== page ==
Adoption matching events could help harder-to-place children find homes, report says

Adoption and fostering charity Coram is calling for the implementation of Adoption Activity Days after a report finds that informal matching events secure places for one in four children attending.

21/10/21

Adoption matching events could help harder-to-place children find homes, report says

At least 1,400 children across Britain have found adoptive families through Adoption Activity Days (AADs) since launching a decade ago, a new report published today as part of National Adoption Week has found.

This is a higher number of matches between children and families than any single adoption agency has achieved over the same period and equates to a match for 1 in every 4 children attending an AAD.

AADs, run by Coram since 2011, are informal events bringing together children waiting to be adopted with approved adoptive parents who have not yet found the right child for them, allowing them to interact through fun activities and establish whether there is a connection.

The restrictions imposed under the pandemic demonstrate how vital AADs are for finding adoptive families for children who wait longest to be adopted. Prior to the pandemic in March 2019, when AADs were running twice a month, 41% of children awaiting adoption had been waiting at least 18 months. In March 2021 – when pandemic restrictions had limited the frequency and scale of AADs over the past year - it had risen to above 50%.

AADs are open to all adopters and all adoption agencies to refer children, enabling matches to be secured across geographical boundaries, where a match hasn’t been found in the local region, and where other traditional forms of family finding have been unsuccessful. A third of children attending the events had additional complex needs, a third were from a black or minority ethnic background, and a quarter were part of a sibling group and three-quarters were boys.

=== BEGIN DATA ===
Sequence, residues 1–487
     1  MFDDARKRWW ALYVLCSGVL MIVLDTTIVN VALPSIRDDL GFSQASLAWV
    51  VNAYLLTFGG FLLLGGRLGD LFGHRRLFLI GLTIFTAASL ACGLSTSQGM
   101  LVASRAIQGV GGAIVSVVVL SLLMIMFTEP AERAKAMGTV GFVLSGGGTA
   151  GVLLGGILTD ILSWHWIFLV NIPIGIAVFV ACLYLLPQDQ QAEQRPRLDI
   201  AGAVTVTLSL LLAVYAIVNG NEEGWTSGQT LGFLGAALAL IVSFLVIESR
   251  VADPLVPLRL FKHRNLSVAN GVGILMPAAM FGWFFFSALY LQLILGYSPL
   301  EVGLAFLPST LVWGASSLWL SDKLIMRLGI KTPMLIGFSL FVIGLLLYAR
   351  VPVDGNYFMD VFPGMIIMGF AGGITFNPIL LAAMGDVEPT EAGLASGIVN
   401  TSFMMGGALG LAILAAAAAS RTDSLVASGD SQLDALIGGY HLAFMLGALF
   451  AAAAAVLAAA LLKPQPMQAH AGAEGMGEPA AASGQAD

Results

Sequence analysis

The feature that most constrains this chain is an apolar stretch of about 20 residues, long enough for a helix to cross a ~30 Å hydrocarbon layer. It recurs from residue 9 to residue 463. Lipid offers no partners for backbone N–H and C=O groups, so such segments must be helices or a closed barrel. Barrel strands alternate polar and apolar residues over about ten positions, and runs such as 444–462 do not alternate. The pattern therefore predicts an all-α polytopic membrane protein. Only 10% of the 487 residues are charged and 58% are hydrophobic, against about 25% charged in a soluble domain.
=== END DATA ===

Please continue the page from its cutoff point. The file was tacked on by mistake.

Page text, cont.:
Attending an AAD is often seen as a ‘last resort’ to find children an adoptive family, and if a family is not found for a child at the event, the child is likely to remain in care until they turn 18. Coram’s analysis shows that if the 1,400 children matched through an AAD were still in care now, it would have cost the state an additional £250m in care costs over the past decade – a hundred times more than the cost of delivering AADs themselves. If the children stayed in care until their 18th birthday, the estimated extra cost to the state between 2011 and 2031 would be £550m.

The report also highlights how AADs provide approved adoptive parents with the opportunity to meet and engage with a child beyond their written profile and change fixed views on the type of child they’d like to adopt. Four in ten approved adopters said attending the events helped to broaden their perspective – for example, some had gone onto adopt a sibling group when previously they had only considered a single child, while others have adopted older children despite thinking they wanted a baby. And 50% of approved adopters said that attending an AAD had positively impacted their adoption journey, even if they were not matched with a child as a result.

Single adopter Laura met her son Sam – not his real name – at an AAD when he was 19 months old. Sam has a disability which affects his speech, swallowing and eyesight; he cannot walk or talk. “If you just read a child’s paperwork, you don’t really get a sense of who they are,” Laura said, adding: “And for children with disabilities it’s easy to focus on the disability and not actually see the child. At an Activity Day you are able to see the children interact, smile, play and discover their little characters and their potential.”

“If I had read my son’s Child Permanence Report instead of meeting him then I might have decided his needs were too great but as soon as I met him, I knew he was my son.”

Dr Carol Homden, CEO of Coram, said that AADs should be an entitlement for all children currently awaiting adoption as part of the Government’s proposed national matching service.

“There are currently over 2,000 children in England waiting to find an adoptive family and more than half of these children have been in care for more than 18 months. These are the children at risk of being left behind and they cannot afford any further delay.

“We believe that all children waiting should be given the chance to find a family at an AAD. Currently the majority of children waiting are not given this opportunity, and so commitment is needed to extend AADs to all adopters and children as part of a range of family finding approaches to make sure that every option is explored and every child has the best chance to thrive within a permanent, loving family.”

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